This is not restricted to the question of mine workers but its spread over the vision of non-violence, reconciliation and justice. This very tension is very clearly captured by Verne Harris of Nelson Mandela Foundation as he states ‘ Many of us have lost our hunger for justice; our commitment to importuning justice to come. And those of us who still hunger, I would argue, have become entrapped in an era forever gone.’ [x] He is tempted to conclude about the Rainbow nation ‘ the dream is shattered’ [xi]

Reconciliation may be the beginning of justice in a society mired by conflict, an inaugural event, but reconciliation is not just between victim and perpetrator but also with the idea of justice without which difference is a tension not a virtue.

Society like Rwanda which acted in terms of retributive justice after the massacre after the massacres by ethnic Hutu militia and soldiers of some 800,000 minority Tutsis and politically moderate Hutus in 100 days between April and June 1994.[xii]

The legal system was ruined and for reconciliation and justice, more than 160,000 judges were elected from among communities for this Gacaca court – the community based system [xiii] In 2012 the court completed its course but has justice been done? People fear for their lives again after giving witnesses.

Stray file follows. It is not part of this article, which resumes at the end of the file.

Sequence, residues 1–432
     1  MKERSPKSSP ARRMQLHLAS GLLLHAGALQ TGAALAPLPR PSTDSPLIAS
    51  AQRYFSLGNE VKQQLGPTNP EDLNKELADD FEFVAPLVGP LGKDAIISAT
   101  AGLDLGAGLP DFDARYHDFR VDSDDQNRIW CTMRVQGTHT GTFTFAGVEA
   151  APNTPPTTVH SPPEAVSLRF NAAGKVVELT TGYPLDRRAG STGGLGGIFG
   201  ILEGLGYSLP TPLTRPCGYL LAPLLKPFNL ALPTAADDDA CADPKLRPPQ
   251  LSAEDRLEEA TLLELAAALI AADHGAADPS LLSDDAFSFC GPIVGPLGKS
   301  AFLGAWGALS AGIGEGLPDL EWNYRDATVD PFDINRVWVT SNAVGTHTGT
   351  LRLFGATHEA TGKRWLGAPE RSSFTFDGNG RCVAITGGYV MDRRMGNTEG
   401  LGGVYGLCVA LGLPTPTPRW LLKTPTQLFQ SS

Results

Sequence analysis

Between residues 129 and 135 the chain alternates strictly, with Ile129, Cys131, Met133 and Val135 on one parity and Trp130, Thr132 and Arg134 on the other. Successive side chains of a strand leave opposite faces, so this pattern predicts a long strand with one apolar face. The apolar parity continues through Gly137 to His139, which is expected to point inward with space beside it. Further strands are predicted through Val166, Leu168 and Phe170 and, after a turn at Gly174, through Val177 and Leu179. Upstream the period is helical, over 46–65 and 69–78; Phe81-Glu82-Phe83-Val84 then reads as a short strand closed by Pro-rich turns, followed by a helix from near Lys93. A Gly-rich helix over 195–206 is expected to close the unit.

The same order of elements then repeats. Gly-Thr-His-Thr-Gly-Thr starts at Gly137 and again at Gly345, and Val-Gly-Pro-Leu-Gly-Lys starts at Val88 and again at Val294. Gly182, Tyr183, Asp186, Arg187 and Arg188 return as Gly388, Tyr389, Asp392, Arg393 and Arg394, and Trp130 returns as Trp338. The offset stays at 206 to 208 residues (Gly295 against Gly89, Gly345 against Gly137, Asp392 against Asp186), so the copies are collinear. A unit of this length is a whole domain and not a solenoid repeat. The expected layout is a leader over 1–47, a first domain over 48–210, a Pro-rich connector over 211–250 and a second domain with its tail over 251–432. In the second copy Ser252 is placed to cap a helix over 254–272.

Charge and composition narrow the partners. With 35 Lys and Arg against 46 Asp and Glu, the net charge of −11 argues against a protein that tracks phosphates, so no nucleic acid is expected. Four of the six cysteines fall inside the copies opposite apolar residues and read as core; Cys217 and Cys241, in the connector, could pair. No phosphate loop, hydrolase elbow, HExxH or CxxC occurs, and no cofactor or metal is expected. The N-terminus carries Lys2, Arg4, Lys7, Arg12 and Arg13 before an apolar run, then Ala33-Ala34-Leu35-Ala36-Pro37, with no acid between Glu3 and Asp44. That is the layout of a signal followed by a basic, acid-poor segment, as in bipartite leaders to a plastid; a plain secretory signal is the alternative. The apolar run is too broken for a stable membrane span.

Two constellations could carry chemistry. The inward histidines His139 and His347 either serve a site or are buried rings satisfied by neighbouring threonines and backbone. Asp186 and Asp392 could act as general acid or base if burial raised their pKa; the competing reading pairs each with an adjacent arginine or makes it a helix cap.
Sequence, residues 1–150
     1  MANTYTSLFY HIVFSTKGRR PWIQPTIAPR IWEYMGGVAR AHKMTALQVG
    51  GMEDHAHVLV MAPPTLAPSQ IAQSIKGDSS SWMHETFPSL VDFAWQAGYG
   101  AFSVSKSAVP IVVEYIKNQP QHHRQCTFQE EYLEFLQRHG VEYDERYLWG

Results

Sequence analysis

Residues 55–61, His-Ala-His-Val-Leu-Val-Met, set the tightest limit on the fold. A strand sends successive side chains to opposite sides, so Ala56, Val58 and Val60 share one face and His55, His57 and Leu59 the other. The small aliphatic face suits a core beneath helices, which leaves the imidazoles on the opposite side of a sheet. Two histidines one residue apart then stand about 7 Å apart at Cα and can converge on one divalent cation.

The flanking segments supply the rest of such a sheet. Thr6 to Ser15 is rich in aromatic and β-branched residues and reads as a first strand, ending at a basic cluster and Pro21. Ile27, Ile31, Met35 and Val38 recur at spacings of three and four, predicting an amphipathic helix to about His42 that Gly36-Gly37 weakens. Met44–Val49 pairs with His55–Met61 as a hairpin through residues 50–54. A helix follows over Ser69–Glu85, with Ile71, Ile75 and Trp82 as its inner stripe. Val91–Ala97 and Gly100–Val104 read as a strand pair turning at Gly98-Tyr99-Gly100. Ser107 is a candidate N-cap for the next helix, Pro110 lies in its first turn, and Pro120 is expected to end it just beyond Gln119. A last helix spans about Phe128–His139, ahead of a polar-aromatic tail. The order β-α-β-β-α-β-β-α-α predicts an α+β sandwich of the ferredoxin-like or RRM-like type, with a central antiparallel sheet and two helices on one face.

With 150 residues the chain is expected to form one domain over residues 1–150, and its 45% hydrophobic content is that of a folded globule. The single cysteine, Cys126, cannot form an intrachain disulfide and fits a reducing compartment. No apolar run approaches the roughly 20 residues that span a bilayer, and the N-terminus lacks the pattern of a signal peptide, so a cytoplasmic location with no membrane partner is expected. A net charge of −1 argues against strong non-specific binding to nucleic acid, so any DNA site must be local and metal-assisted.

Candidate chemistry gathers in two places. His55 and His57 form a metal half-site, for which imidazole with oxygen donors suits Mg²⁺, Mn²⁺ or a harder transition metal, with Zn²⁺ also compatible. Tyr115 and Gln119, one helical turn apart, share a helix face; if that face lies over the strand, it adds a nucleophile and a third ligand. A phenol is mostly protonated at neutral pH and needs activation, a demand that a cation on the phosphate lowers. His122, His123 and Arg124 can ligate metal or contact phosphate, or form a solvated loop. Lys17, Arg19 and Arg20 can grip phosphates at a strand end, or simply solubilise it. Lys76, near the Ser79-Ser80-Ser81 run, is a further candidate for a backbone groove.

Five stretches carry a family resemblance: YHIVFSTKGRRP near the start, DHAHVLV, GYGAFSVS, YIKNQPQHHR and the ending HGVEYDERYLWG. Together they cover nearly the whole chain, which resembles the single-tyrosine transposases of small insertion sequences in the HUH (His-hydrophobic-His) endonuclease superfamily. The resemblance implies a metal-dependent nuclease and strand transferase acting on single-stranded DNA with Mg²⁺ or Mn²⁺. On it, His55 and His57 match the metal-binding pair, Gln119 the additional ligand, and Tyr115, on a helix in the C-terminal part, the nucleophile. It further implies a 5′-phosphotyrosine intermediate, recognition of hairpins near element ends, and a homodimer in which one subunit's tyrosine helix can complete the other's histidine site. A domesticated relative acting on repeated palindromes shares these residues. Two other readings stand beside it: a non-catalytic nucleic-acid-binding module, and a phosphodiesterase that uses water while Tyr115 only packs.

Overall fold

In some way truth and reconciliation is not enough as it completes one cycle of justice but not all, the question of memory in such an act also remain very open.

To conclude I must keep it open. In case of Bangladesh where we see no reconciliation, in countries like South Africa and Rwanda where we see acts of reconciliation and in countries like Iraq and Syria which are deeply in conflict, we may wonder how an idea of forgiveness as a political force can work, how a space of deliberation and communication can take form?